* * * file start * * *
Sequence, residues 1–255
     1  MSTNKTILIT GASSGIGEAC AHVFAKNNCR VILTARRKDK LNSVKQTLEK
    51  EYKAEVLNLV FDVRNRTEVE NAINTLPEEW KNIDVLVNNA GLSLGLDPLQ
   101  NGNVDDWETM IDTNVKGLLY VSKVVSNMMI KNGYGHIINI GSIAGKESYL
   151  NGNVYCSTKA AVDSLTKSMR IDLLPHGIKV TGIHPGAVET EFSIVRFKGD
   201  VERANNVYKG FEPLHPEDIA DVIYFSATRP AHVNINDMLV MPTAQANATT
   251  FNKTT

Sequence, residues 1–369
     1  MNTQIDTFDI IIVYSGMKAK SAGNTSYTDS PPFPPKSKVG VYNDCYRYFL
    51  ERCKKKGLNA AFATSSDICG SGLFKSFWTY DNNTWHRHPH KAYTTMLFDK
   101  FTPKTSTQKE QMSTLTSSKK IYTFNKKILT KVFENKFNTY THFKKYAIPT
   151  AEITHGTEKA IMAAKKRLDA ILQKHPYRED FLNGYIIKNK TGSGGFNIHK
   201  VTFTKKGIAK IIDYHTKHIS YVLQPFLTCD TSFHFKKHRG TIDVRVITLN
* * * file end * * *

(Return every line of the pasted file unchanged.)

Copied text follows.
Sequence, residues 1–255
     1  MSTNKTILIT GASSGIGEAC AHVFAKNNCR VILTARRKDK LNSVKQTLEK
    51  EYKAEVLNLV FDVRNRTEVE NAINTLPEEW KNIDVLVNNA GLSLGLDPLQ
   101  NGNVDDWETM IDTNVKGLLY VSKVVSNMMI KNGYGHIINI GSIAGKESYL
   151  NGNVYCSTKA AVDSLTKSMR IDLLPHGIKV TGIHPGAVET EFSIVRFKGD
   201  VERANNVYKG FEPLHPEDIA DVIYFSATRP AHVNINDMLV MPTAQANATT
   251  FNKTT

Sequence, residues 1–369
     1  MNTQIDTFDI IIVYSGMKAK SAGNTSYTDS PPFPPKSKVG VYNDCYRYFL
    51  ERCKKKGLNA AFATSSDICG SGLFKSFWTY DNNTWHRHPH KAYTTMLFDK
   101  FTPKTSTQKE QMSTLTSSKK IYTFNKKILT KVFENKFNTY THFKKYAIPT
   151  AEITHGTEKA IMAAKKRLDA ILQKHPYRED FLNGYIIKNK TGSGGFNIHK
   201  VTFTKKGIAK IIDYHTKHIS YVLQPFLTCD TSFHFKKHRG TIDVRVITLN